The Sun Valley City Council held the second of three readings on the proposed "Comprehensive Solid Waste Reduction and Recyclable Materials Program" on Wednesday, April 18.
The council will hold a third reading on Thursday, May 17, after which it could move to approve the ordinance and the implementation process would begin. The proposed ordinance was initially coined "mandatory recycling," but it has always been "a market approach to reduce trash," said City Administrator Virginia Egger. The title "Pay-as-you-Throw" was also short-lived, as it apparently caused confusion.
The council considered holding the third reading on Thursday, April 19. The ordinance was derailed last month when the council held back-to-back readings resulting in public dismay.
Several residents of Sun Valley were present and appeared eager to voice their opposition to the city's proposed change to their existing solid waste hauling contract with Clear Creek Disposal.
"Most of the feedback I have received ... has been to applaud the recycling ordinance," said Sun Valley Mayor Jon Thorson. "But the big discussion items have been fees."
The proposed ordinance is designed to provide incentive for residents to recycle more while throwing away less solid waste.
"I am concerned the incentive will go to the (trash) hauler," said Sun Valley resident Ross Jennings.
"The perceived increase in fees is for someone who elects to not participate in recycling," Thorson said.
As it stands, a single-family residence currently pays $20.50 for a 68-gallon cart and recycling service. Under the new ordinance, the same cart would cost $22.
"But if I decide to go to a 32-gallon cart, my monthly fees go to $16 a month, a 22 percent lower rate," City Councilman Nils Ribi said. And, according to Ribi, therein lies the incentive—to increase recycling habits and decrease solid waste disposal in order to move to a smaller trash cart.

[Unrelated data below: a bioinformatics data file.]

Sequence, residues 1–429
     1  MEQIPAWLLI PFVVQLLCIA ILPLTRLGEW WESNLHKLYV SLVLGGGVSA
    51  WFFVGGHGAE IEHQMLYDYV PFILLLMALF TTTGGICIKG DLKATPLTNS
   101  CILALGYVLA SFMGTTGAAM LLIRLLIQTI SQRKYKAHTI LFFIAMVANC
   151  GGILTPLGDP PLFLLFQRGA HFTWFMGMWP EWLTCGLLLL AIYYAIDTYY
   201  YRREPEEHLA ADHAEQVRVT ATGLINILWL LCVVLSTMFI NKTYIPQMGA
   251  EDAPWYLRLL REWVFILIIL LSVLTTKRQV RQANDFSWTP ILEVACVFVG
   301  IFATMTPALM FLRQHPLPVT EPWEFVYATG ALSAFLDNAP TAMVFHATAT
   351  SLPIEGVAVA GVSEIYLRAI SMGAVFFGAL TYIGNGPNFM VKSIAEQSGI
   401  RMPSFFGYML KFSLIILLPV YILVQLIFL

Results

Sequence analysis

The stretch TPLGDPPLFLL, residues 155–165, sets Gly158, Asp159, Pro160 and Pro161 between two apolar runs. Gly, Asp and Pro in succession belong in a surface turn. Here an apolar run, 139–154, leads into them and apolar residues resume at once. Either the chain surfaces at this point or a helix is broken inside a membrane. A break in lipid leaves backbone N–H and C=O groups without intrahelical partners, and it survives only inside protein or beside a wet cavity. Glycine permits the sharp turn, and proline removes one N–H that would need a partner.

Clear Creek Disposal's accountant, Dennis Lallman, spoke about the fee scale and the potential profit or loss faced by his company.
"If everyone takes the 95-gallon cart (the largest offered to single-family residences), you are right, we will make a lot more than we should," Lallman said. However, if Sun Valley residents overwhelmingly opt for the 32-gallon cart, Clear Creek Disposal will face a loss.
"We have good checks and balances built into this."
The proposed ordinance calls on Clear Creek Disposal to submit financial reports to the city administrator on Sept. 1, 2007, on Dec. 1, 2007, and on May 1 of each subsequent year. The fee scale is based on predictions of how many residents will opt for the varying priced carts and the audits will give the city an opportunity to determine if the predictions were accurate. If Clear Creek Disposal reports windfall profits or losses, the fee scale can be adjusted, Egger said.
Sun Valley is composed largely of second homes and part-time residents. This presents a potential problem for residents who find it inherently unfair that they pay for 12 months of trash hauling and may only produce trash a few months of the year.
"Is it fair? Yes," Lallman said. "The trucks cost $250,000 per pop ... we don't know what days they are going to be here but the drivers need to keep driving the routes." In other words, many of the fixed costs remain the same.
Thorson agreed there "needs to be some mechanism moving towards equity for the short-term user."
The concern is not only that part-time residents pay for the entire year, but that they may end up paying more if they are in town during Christmas, for example, when trash production increases, and then they will be charged extra for going over their cart allotment.
Ribi suggested giving each residence four extra 32-gallon bags, free of charge, for months in which trash increases. Currently, the proposed ordinance would charge $6.50 for extra Clear Creek Disposal-issued trash bags.
Several residents in attendance spoke to a broader concern over the proposed ordinance.
"This micro-social engineering is going to cause confusion," said former Sun Valley councilman and resident Kevin Laird. "It's a ridiculous ordinance and ridiculous to change what is working."
Residents are encouraged to attend the third and potentially final reading on May 17, at 3 p.m. at Sun Valley City Hall. Information and agendas can be found at www.sunvalley.govoffice.com.